...

just my 2 cents
 
marc weber
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Originally posted by Zenikko Sugiarto:
One that I know of, is that in terms of performance it is generally slower because of the need for it to be interpreted by JVM...

Interestingly, Horstmann and Cornell cite this as a "common misconception about Java." They respond...
In the early days of Java, the language was interpreted. Nowadays, except on "micro" platforms such as cell phones, the Java virtual machine uses a just-in-time compiler. The "hot spots" of your code will run just as fast in java as they would in C++.

~Core java 2, Volume I (7th edition, 2005).
 
Tony Morris
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Likewise, this is another misconception:

It is not nearly as platform independant [sic] or portable as many claim it is.

Java, the specification(s), are completely platform independent. It is when users and implementers - of the platform step outside of the specification - usually inadvertantly, that one can observe effects that are attributed as "Java must not be platform independent".

It is not the user's fault that the specification(s) are ambiguous (implied by English). Of course, one can find what appear to be explicit platform abstraction leaks all throughout the specs (especially the API spec.), but still this "leak" remains within the context of "the Java platform", and does not impose itself on the underlying platform in any way at all (despite intuition) implied by the definition of the Java platform itself (and not an arbitrary intuition or personal internalisation).

It is not the fault of the employees of IBM who implement the specification, get it wrong - they are extremely unskilled - what does one expect? Sociologists who attempt to explain corporate culture might postulate that this inherent lack of skill also applies to Sun Microsystems, but I won't speculate, because I am not a Sociologist nor an employee of Sun. In simple terms, set your expectations lower, and it all starts to make sense.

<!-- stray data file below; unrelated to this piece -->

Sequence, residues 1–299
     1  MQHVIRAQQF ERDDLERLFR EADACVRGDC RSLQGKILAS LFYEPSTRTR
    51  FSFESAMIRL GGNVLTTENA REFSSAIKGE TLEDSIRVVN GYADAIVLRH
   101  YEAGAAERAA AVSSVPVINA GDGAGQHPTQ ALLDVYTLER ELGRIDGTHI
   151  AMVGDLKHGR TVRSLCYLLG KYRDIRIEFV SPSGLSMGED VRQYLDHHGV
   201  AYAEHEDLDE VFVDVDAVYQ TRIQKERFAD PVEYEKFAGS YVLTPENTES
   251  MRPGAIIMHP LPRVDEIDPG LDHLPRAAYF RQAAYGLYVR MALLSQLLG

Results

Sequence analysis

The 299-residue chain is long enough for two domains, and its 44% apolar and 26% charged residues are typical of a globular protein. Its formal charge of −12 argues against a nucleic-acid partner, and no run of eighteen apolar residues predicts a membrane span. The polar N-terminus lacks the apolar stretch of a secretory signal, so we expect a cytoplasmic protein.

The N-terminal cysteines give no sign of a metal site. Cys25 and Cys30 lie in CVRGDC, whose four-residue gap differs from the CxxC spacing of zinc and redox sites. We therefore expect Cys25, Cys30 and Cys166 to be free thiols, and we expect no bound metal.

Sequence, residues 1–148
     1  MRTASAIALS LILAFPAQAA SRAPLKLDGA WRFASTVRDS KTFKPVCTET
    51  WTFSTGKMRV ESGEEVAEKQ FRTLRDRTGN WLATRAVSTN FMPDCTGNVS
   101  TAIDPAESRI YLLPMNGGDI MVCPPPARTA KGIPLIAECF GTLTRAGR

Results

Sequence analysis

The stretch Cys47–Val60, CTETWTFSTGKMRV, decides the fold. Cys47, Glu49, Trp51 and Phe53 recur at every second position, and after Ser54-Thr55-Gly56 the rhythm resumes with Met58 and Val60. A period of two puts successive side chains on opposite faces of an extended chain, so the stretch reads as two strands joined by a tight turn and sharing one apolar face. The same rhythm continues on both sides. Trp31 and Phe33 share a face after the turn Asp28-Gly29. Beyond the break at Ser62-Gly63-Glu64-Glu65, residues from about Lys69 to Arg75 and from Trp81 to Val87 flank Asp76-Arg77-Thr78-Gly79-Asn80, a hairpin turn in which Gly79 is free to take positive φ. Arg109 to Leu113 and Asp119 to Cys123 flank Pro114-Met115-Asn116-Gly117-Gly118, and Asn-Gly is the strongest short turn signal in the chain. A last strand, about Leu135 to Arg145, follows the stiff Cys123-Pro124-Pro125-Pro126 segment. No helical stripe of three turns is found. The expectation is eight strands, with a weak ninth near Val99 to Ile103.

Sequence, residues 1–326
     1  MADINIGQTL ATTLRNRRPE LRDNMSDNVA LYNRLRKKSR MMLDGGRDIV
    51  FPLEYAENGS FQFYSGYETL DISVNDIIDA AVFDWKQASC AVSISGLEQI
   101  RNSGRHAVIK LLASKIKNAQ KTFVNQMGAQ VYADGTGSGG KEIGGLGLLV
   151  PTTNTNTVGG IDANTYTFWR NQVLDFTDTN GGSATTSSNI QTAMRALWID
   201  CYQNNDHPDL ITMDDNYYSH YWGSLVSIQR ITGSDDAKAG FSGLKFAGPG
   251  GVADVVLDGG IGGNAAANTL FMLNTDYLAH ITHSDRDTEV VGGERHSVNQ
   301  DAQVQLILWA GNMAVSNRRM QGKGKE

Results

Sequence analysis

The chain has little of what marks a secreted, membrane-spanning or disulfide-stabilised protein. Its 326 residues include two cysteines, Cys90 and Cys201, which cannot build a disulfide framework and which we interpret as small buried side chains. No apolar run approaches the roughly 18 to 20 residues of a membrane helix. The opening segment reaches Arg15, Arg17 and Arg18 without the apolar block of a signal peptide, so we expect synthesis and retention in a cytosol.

Ilja Preuss
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Originally posted by Ken Blair:
It has four letters. Had it been named "Jav" instead millions of keystrokes and hundreds of dollars in bandwidth would have been saved.


Microsoft tried to make use of this with J++, but surprisingly it died nevertheless...
 
Henry Wong
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Have to comment on this one...

You can also make a strong argument that Java is not platform independant at all, but is a platform. Take a language like C or C++, they are easily just as portable, or even more portable then Java is. Stick to standard C and C++ and portability is not an issue. Of course, things like GUI and Socket are not part of those standards, but there are platform independant libraries to cover that.


In practically all cases, involving GUI on windows, a C or C++ program written with one IDE will not work on another. Too many compiler specific pragmas, like those needed for MFC. And this is for the same machine !!

Not saying that Java doesn't have some platform portability problems -- but c'mon... worse than C/C++? Frankly, I think it would be much easier to work with the 99.44% of Java that is compatible, than to "stick to standard C and C++".